The midfrontal cortex, and particularly the anterior cingulate gyrus, appears active in many studies of functional imaging. Various models have competed to explain the functions of the anterior cingulate in relation to its patterns of activation. We believe that the concept of self-regulation is valuable in considering the role of the cingulate. The sensitivity of the cingulate to both reward and pain, and evidence for cingulate coupling to cognitive and emotional areas during task performance, support this identification. Self-regulation is a very broad concept that does not lend itself very well to specific models or tests, but it does provide a framework for examining development. We trace the role of the midfrontal cortex in evolution and infant development. Both genes and environment influence self-regulation. The presence of both genetic and environmental effects raises the issue of their interaction, which we discuss in relation to the dopamine 4 receptor gene and parenting methods. The role of the midfrontal cortex in self-regulation allows us to consider both brain networks common to all people and network efficiency underlying individual differences in behavior. This research was supported by NIMH Grant HD5801 to Georgia State University and by a grant from the Dana Foundation for the study of the arts.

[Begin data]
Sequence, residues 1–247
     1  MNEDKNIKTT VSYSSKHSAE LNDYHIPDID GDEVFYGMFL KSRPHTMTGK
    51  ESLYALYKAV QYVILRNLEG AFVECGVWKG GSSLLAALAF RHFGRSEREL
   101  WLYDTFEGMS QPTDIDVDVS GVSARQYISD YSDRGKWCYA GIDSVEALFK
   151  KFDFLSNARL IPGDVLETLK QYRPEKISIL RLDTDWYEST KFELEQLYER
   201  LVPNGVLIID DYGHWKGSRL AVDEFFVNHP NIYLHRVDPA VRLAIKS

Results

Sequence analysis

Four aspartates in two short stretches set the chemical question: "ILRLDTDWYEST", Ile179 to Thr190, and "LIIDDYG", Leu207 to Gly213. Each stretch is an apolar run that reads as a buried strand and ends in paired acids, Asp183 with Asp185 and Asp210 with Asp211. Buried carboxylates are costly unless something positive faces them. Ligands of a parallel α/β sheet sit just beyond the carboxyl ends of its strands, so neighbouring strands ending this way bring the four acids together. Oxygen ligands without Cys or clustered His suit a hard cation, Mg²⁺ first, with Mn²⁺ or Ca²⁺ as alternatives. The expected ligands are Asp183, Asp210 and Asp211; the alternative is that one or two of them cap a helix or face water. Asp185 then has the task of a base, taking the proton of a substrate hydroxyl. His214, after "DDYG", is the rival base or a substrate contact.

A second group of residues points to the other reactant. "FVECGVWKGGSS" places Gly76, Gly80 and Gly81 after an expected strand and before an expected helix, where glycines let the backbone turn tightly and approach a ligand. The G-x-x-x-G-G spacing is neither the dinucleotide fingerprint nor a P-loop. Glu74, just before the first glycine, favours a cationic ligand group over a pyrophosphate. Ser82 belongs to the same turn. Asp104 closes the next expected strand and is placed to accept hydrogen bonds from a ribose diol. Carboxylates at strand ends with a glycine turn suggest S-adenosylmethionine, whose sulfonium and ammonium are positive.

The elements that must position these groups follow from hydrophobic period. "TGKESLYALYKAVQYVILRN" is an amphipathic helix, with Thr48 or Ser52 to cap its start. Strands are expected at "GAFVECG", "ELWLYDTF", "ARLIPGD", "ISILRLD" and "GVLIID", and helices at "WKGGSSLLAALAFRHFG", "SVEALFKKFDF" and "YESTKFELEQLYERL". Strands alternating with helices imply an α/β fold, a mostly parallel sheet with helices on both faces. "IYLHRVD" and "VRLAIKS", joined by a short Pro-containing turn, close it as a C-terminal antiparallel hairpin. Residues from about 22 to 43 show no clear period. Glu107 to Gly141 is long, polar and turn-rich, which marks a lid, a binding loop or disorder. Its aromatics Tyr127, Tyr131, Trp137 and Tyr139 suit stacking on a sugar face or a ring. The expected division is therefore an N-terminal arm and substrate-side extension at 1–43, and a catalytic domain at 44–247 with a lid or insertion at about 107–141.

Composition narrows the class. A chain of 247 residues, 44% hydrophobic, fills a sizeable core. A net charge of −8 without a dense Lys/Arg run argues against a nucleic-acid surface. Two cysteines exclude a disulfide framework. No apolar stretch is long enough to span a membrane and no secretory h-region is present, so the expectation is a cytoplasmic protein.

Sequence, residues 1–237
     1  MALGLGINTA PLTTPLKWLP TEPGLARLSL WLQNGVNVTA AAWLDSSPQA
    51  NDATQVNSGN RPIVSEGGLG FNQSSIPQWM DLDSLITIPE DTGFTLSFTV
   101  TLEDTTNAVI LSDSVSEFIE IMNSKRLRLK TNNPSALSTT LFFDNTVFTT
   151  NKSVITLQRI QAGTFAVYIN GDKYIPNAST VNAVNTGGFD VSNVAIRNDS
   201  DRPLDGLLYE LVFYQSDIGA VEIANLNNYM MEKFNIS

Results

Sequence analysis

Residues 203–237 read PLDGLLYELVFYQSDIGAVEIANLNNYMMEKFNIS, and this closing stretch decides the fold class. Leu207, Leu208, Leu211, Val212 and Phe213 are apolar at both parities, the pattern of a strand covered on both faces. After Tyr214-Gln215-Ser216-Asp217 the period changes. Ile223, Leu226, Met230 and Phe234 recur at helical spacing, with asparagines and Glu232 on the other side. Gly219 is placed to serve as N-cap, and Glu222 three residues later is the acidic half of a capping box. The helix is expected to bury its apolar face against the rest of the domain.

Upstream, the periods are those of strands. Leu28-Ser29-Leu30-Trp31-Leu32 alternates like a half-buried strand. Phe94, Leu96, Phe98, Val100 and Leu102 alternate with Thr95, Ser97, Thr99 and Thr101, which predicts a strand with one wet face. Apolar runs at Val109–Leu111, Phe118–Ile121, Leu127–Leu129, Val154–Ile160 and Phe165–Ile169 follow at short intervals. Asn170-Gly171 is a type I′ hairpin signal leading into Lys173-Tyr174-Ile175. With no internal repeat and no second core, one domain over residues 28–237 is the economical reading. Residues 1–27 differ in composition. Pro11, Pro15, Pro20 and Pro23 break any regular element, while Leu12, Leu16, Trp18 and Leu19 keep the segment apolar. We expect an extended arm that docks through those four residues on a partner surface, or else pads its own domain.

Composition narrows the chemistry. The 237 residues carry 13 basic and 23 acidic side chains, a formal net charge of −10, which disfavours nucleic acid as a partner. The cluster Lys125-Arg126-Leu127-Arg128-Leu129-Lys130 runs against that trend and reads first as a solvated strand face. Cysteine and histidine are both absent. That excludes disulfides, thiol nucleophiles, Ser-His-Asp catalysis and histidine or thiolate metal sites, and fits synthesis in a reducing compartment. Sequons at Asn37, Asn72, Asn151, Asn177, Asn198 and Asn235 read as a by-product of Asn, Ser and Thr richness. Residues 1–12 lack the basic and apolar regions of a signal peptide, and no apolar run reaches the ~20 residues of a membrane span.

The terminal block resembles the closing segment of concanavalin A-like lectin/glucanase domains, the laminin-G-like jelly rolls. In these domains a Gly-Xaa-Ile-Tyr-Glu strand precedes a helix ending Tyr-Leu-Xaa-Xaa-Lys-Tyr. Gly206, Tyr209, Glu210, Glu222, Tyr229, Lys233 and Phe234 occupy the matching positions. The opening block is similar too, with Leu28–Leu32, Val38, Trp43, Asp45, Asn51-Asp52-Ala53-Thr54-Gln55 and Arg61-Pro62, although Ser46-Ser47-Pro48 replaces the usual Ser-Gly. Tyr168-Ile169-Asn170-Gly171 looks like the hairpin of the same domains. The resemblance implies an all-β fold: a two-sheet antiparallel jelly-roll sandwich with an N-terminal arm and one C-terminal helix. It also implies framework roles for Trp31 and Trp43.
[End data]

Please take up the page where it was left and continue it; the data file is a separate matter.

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This research was supported by NIMH Grant HD5801 to Georgia State University and by a grant from the Dana Foundation for the study of the arts.
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Posner, M.I., Rothbart, M.K., Sheese, B.E. et al. The anterior cingulate gyrus and the mechanism of self-regulation. Cognitive, Affective, & Behavioral Neuroscience 7, 391–395 (2007). https://doi.org/10.3758/CABN.7.4.391